The Supreme Court of the United States has granted certiorari in yet another class arbitration dispute in the labor context. In Lamps Plus, Inc., et al. v. Varela, No. 17-988, a California man, Frank Varela, signed an agreement to arbitrate any future disputes with Lamps Plus as a condition of employment. The agreement was silent on the issue of class arbitration. Later, Varela filed a class-action lawsuit against his employer following a data breach that disclosed his personal information.
In response to Varela’s complaint, Lamps Plus filed a motion to compel the dispute to arbitration. The Central District of California granted the company’s motion, but stated class arbitration was permitted due to ambiguity in the parties’ agreement to arbitrate. Lamps Plus then filed an appeal with the nation’s Ninth Circuit.
In an unpublished opinion, a Ninth Circuit Court of Appeals panel affirmed the district court’s order. In a 2-1 decision, the appellate court concluded:
Because the Agreement is capable of two reasonable constructions, the district court correctly found ambiguity. State contract principles require construction against Lamps Plus, the drafter of the adhesive Agreement. By accepting the construction posited by Varela – that the ambiguous Agreement permits class arbitration – the district court properly found the necessary “contractual basis” for agreement to class arbitration. Stolt-Nielsen, 559 U.S. at 684.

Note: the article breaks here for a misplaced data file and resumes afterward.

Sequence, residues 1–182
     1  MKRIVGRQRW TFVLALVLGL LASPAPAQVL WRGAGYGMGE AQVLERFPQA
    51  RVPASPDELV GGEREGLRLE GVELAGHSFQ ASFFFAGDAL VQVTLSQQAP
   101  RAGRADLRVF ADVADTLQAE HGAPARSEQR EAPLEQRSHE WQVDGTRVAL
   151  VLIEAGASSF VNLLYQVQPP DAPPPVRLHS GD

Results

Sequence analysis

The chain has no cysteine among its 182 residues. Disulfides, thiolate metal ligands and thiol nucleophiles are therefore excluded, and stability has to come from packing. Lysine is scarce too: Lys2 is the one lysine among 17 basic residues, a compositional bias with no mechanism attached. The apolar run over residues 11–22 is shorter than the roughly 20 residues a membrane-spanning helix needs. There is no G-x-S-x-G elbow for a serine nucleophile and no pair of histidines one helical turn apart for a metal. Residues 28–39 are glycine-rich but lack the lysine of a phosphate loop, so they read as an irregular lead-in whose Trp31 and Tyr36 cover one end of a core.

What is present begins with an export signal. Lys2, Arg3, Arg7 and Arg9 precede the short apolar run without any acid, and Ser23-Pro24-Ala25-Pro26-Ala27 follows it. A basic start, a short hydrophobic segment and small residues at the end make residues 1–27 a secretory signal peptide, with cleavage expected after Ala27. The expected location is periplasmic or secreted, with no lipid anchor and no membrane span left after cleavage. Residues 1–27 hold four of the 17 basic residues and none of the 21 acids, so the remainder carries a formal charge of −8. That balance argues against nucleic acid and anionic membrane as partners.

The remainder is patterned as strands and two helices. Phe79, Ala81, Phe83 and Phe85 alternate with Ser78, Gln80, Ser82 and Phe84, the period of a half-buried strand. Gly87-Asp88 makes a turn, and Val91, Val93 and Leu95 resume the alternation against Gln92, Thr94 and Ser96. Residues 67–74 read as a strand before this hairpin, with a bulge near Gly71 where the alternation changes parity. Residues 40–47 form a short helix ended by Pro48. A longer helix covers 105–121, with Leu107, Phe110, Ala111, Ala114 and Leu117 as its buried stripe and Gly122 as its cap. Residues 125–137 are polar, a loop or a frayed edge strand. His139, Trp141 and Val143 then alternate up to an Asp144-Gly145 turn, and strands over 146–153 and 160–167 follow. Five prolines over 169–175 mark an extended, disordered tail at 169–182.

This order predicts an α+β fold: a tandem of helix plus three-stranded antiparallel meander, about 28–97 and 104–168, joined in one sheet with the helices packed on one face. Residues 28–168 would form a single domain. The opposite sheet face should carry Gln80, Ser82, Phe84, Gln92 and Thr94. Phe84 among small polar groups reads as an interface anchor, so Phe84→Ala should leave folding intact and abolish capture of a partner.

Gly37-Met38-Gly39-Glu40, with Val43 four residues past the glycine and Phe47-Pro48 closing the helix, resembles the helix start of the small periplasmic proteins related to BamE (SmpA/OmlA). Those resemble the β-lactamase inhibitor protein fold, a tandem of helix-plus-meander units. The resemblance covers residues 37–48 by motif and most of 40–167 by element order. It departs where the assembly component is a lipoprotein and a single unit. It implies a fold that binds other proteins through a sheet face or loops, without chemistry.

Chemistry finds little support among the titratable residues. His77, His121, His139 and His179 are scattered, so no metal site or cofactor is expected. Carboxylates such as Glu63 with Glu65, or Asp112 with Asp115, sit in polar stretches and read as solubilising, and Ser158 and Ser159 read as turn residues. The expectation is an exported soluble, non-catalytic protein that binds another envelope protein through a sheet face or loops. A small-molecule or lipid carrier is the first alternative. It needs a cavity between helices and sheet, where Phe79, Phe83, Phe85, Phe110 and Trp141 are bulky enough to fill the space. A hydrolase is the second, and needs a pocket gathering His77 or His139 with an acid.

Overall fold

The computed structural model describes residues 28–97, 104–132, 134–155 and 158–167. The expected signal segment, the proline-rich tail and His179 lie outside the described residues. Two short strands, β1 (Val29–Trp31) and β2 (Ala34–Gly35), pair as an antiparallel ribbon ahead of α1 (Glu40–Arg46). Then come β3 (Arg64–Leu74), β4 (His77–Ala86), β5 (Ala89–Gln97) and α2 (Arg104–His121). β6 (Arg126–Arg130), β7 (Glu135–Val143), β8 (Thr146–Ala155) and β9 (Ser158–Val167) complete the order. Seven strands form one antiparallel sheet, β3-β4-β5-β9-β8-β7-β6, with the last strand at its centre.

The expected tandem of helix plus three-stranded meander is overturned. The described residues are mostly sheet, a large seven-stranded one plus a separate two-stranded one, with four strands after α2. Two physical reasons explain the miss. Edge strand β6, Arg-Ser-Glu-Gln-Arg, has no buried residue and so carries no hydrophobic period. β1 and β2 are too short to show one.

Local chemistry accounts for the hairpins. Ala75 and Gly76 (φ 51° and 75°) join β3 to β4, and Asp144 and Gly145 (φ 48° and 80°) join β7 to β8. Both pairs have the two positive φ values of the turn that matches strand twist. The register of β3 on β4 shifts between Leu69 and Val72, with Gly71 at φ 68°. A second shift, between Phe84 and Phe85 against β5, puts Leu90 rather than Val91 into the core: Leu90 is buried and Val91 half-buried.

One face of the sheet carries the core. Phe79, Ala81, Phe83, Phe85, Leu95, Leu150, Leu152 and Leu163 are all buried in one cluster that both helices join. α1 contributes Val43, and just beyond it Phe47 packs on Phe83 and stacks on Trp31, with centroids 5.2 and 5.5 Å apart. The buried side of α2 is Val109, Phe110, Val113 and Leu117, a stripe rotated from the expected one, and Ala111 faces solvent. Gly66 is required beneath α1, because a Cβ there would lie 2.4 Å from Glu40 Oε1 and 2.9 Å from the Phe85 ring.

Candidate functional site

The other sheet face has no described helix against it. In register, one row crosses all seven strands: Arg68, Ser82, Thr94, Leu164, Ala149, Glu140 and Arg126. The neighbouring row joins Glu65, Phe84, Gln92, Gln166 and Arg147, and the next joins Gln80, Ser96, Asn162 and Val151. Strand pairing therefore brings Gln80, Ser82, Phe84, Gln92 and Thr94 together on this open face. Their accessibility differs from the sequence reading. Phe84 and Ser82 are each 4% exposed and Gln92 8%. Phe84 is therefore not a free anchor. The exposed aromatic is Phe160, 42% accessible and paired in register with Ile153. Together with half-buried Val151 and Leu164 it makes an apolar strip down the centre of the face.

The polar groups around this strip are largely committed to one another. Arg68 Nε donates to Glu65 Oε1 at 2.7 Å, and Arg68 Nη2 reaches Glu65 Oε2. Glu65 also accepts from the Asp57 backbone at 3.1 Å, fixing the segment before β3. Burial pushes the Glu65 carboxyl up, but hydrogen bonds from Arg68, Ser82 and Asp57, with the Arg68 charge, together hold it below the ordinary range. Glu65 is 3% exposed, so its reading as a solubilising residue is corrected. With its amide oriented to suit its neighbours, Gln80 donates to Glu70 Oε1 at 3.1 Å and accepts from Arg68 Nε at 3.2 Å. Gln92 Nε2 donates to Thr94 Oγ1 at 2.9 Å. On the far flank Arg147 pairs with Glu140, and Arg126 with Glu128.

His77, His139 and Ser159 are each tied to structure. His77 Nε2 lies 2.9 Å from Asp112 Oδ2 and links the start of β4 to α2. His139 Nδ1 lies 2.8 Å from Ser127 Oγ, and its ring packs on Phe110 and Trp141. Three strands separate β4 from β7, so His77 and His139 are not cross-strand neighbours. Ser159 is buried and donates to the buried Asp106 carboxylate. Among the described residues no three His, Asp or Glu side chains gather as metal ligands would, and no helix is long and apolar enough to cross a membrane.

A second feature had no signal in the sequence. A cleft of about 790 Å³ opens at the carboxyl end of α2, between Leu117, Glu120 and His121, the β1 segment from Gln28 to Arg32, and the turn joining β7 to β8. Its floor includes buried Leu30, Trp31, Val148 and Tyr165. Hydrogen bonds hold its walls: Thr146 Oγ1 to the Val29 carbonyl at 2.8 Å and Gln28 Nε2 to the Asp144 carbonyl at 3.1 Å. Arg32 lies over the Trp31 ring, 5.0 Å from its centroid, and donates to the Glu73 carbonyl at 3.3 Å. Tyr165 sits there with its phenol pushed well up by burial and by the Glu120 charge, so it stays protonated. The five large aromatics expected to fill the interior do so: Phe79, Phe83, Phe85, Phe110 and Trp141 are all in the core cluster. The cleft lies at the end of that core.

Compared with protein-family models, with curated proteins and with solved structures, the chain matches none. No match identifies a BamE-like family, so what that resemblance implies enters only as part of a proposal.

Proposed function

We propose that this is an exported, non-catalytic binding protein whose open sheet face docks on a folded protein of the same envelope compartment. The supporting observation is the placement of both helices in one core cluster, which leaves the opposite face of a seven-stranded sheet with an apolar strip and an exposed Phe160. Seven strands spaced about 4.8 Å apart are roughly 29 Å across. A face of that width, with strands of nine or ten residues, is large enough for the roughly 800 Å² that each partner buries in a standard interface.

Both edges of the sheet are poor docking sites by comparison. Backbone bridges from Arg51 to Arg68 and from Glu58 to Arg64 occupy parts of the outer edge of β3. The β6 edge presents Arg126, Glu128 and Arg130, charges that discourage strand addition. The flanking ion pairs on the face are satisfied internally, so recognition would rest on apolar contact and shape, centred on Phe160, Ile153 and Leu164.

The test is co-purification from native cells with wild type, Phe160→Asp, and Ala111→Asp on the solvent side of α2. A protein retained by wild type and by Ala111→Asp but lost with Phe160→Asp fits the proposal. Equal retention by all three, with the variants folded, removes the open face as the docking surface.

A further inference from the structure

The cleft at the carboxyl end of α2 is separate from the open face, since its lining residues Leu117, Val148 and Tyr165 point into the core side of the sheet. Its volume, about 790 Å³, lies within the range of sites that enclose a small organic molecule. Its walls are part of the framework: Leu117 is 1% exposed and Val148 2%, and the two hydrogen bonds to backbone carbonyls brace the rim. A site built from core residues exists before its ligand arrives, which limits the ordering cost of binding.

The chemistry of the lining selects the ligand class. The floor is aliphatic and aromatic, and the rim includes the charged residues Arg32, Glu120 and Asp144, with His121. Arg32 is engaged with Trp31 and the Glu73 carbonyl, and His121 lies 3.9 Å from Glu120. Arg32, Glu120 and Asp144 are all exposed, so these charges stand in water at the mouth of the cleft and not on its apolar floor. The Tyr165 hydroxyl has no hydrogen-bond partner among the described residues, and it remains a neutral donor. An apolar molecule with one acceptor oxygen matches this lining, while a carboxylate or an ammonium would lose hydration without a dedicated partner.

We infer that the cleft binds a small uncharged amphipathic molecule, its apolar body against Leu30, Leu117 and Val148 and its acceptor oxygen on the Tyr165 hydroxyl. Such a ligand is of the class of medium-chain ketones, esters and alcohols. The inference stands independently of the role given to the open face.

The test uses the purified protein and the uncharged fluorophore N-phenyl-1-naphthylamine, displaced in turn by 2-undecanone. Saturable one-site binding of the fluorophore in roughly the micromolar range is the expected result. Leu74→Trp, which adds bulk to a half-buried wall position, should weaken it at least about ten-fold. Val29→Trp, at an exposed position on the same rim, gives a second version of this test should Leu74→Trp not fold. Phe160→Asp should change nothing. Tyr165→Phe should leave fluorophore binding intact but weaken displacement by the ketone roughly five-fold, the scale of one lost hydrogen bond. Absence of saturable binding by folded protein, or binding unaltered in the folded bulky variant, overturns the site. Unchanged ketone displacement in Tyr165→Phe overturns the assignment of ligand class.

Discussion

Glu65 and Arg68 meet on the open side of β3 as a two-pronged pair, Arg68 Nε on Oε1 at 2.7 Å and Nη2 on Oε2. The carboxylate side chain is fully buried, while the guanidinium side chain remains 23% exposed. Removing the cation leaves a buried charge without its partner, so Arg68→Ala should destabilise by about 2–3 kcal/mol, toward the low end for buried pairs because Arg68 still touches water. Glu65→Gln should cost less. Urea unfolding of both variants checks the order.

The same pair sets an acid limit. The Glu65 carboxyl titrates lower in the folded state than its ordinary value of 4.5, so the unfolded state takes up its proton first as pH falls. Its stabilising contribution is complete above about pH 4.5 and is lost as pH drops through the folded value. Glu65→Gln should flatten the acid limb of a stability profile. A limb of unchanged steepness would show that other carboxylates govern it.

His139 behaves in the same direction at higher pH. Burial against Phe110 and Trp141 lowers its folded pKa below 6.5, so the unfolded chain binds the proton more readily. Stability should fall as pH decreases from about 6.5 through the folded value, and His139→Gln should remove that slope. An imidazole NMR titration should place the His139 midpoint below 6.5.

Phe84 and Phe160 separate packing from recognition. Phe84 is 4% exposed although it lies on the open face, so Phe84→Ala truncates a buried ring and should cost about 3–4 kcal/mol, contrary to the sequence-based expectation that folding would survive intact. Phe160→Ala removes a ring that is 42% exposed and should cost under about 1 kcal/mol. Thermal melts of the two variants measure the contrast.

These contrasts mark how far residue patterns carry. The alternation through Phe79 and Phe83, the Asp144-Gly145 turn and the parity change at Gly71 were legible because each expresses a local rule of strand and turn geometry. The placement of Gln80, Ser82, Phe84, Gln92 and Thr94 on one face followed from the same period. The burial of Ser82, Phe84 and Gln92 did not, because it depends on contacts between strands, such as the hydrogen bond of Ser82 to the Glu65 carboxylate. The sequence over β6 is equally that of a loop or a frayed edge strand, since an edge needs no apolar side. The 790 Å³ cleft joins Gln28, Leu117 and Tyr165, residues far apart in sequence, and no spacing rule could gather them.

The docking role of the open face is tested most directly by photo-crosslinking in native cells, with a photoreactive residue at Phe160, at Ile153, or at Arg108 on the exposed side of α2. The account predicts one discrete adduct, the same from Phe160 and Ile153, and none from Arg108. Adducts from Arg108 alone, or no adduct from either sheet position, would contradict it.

Despite the panel’s holding, Judge Fernandez authored a succinct dissent which stated:
I respectfully dissent because, as I see it, the Agreement was not ambiguous. We should not allow Varela to enlist us in this palpable evasion of Stolt-Nielsen S.A. v. AnimalFeeds Int’l Corp., 559 U.S. 662, 684–85, 130 S. Ct. 1758, 1775, 176 L. Ed. 2d 605 (2010).
Not long after the Ninth Circuit issued its decision, Lamps Plus filed a petition for certiorari with the United States Supreme Court. According to the company’s petition for a writ of certiorari, the question presented in the case is:
Whether the Federal Arbitration Act forecloses a state-law interpretation of an arbitration agreement that would authorize class arbitration based solely on general language commonly used in arbitration agreements.
On Monday, the nation’s highest court granted the company’s petition. The case will be argued during the October 2018 term.
Additionally, the Supreme Court is currently considering another trio of cases related to whether class arbitration waivers in an employment contract violate the National Labor Relations Act. On October 2, 2017, oral argument was heard in Epic Systems Corp. v. Lewis, NLRB v. Murphy Oil USA, Inc., and Ernst & Young LLP v. Morris. The high court’s decision is still pending.